The Champions will talk about “Courage” and that “It takes Courage to have Character”.  Helping them to understand that knowing the value and the power of their courage is important for developing their character.  Enlisting students to be courageous is a key component in creating a classroom community where students feel safe to fail, safe to share fears or ask questions, and safe to be themselves.  It is important that we encourage students to stand up for what is right and have the courage to act with strong values when needed and in the face of fearful experiences.


Moral Courage
  • Stand up for what’s right when someone is being treated poorly or unfairly
  • Openly stating your values and beliefs


Disciplined Courage (Willpower)
  • Remain focused when mistakes happen
  • Be true to yourself
Intellectual Courage
  • Recognize our limits
  • Be open to new ideas
  • Understanding other points of view
  • Always be open to learn
Empathetic Courage
  • Listen to others with an open mind
  • Care for others
  • Learn from other people

Acting courageously is challenging, but by bringing conversations about courage to the forefront of our character discussions, we can support our students as they step into being the most courageous person they are capable of being.  As we focus on courage and character, we can inspire them to have confidence to be the best version of themselves!

Below are 7 easy object lessons to help further meaningful discussions with your students about courage. They include lessons about:

  1. Identify meaningful goals
  2. Make good choices to reach goals
  3. Taking risks for what is right
  4. Standing up for their convictions
  5. Ability to see what is right and wrong
  6. Being prepared to face adversity
  7. Having self-control

OBJECTIVE: The goal of this activity is to show the students how filling their lives with the right kind of values and goals in life can make us stronger. Not having a good set of strong values not only leaves us weak, but can crush us. As a part of the activity, you do a science experiment to show how exposing a soda can to certain elements can crush it using very little pressure.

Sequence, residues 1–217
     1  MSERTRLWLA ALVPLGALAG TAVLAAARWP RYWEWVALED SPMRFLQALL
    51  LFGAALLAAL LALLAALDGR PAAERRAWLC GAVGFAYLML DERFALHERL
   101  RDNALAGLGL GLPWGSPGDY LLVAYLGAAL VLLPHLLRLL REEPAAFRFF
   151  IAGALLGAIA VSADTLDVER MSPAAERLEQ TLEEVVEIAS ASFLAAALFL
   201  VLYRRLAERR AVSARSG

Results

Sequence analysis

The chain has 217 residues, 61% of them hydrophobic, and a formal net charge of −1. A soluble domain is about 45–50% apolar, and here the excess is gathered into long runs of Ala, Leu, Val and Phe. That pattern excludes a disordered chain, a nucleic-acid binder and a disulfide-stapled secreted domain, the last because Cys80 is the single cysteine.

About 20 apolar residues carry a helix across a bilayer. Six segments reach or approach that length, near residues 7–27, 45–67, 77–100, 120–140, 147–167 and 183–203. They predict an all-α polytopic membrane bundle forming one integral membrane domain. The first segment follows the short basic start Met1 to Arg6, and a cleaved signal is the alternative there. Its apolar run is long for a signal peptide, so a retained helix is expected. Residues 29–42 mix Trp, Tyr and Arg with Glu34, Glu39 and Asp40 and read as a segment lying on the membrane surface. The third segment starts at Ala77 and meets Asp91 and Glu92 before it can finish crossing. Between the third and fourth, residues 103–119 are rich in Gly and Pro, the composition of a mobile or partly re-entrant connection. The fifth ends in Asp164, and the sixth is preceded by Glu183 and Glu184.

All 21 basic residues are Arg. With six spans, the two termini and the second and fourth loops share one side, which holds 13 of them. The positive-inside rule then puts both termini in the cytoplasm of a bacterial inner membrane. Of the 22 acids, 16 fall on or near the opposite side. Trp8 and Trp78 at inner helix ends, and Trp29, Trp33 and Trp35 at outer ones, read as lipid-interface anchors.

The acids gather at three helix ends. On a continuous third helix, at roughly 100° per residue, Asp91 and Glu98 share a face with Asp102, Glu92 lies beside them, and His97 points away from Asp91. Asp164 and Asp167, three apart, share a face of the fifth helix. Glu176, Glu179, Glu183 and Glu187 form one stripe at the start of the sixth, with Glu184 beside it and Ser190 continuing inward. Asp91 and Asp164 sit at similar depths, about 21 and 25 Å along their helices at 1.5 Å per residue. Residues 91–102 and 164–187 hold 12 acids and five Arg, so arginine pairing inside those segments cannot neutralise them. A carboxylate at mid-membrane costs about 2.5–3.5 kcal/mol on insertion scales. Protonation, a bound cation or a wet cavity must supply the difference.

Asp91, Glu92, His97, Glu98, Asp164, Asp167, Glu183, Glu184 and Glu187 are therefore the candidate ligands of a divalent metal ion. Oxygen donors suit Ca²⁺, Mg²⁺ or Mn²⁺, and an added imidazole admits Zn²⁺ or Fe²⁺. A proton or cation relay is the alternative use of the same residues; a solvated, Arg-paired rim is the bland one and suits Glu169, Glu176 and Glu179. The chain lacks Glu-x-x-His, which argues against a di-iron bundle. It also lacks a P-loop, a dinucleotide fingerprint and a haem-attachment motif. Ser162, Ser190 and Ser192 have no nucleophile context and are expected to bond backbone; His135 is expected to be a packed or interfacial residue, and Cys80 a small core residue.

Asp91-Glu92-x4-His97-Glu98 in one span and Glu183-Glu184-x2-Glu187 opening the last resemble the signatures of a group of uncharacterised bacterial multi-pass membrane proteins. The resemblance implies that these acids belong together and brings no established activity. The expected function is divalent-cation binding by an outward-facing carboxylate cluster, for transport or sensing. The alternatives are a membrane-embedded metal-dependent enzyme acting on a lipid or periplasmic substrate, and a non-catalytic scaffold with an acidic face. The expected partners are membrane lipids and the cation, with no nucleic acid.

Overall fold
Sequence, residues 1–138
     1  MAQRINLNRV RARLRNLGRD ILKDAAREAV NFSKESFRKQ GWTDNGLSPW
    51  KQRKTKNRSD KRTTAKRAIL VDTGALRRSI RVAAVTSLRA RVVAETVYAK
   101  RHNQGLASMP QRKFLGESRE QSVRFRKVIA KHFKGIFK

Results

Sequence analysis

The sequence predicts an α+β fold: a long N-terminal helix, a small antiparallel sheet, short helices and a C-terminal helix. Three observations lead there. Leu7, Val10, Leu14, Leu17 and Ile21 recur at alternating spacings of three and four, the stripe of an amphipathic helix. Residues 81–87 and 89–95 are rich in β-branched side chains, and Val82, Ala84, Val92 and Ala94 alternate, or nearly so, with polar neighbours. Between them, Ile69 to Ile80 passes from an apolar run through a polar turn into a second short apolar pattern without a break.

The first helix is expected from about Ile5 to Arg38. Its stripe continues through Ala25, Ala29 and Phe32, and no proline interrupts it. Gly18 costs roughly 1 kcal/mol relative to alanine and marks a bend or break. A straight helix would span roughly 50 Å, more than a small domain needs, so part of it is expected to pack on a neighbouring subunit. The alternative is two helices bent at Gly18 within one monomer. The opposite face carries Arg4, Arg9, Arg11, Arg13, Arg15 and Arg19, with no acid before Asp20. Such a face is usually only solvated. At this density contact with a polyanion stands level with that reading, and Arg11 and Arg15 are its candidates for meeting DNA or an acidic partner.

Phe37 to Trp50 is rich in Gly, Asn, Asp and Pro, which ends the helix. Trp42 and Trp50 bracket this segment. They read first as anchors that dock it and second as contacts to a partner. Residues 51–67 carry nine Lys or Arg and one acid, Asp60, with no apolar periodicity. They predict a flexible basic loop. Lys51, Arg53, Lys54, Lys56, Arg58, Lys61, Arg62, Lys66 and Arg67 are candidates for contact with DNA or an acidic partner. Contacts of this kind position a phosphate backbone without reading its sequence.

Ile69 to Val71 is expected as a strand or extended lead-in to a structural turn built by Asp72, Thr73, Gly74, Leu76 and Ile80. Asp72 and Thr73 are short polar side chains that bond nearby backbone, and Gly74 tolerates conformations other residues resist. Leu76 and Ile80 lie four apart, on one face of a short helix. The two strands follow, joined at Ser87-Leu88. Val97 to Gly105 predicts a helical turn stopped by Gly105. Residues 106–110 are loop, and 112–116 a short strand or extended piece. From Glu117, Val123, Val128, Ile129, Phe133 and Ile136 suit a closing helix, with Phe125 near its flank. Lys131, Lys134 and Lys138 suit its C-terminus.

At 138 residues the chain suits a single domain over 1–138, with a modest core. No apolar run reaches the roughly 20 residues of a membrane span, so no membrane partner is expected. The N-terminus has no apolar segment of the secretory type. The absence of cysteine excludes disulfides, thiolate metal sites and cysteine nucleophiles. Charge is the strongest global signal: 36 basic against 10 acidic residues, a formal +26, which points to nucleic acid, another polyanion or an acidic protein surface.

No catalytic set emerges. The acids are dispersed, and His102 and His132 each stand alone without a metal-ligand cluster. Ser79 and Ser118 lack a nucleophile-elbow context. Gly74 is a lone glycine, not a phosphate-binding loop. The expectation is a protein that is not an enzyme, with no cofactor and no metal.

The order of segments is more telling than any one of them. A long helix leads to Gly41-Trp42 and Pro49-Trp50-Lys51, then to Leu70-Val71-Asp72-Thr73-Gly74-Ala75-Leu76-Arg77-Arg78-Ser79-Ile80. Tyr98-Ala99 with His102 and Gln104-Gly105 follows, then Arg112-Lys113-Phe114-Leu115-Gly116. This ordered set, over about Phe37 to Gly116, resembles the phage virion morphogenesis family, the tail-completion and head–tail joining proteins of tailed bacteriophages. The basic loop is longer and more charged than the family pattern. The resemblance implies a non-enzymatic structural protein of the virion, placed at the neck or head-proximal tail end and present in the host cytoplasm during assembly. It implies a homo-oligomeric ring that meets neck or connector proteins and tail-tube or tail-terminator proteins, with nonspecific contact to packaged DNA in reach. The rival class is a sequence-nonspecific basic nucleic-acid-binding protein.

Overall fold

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OBJECTIVE: This object lesson takes an ordinary sponge and uses it to teach a lesson on how we can respond to pressures of others, and making decisions that may involve a choice between right and wrong. What comes out of us when the “squeeze” is on!

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OBJECTIVE: The goal of this activity is to show the students that choices are important in life. There are lots of choices that we have to make in life. Some choices are easy. Some choices, however, are VERY important. We want to make sure we are using the right choices.

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OBJECTIVE: This object lesson is about adversity. Facing problems or difficulties and the ability to show courage in the face of adversity.

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OBJECTIVE: Taking a risk to achieve a goal requires courage to face the fear of uncertainty. No matter the outcome, we grow through the process and become more resilient and confident. Better yet, building those skills helps us in taking more risks and improves the chances of achieving future goals

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OBJECTIVE: This object lesson deals with the importance of self-control and how we must think before we act to keep ourselves and our friends safe. It will help students learn how to exercise self-control when they are confronted with negative influences, or when they are experiencing feelings of frustration or anger. They will discover the benefits of self-control and how they can apply it to their daily lives.

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OBJECTIVE: Sometimes we can find ourselves on the wrong side of conviction, standing up for something or someone that in the end isn’t worth the effort and figuring out how to stand up for what’s right can be tricky. Someday our kids will be out on their own and have to make decisions about what to support. This lesson helps to influence students to stand up for what’s right, even when others don’t. This world needs a generation of superheroes-kids who grow up knowing how to stand for what is right, in the right way.

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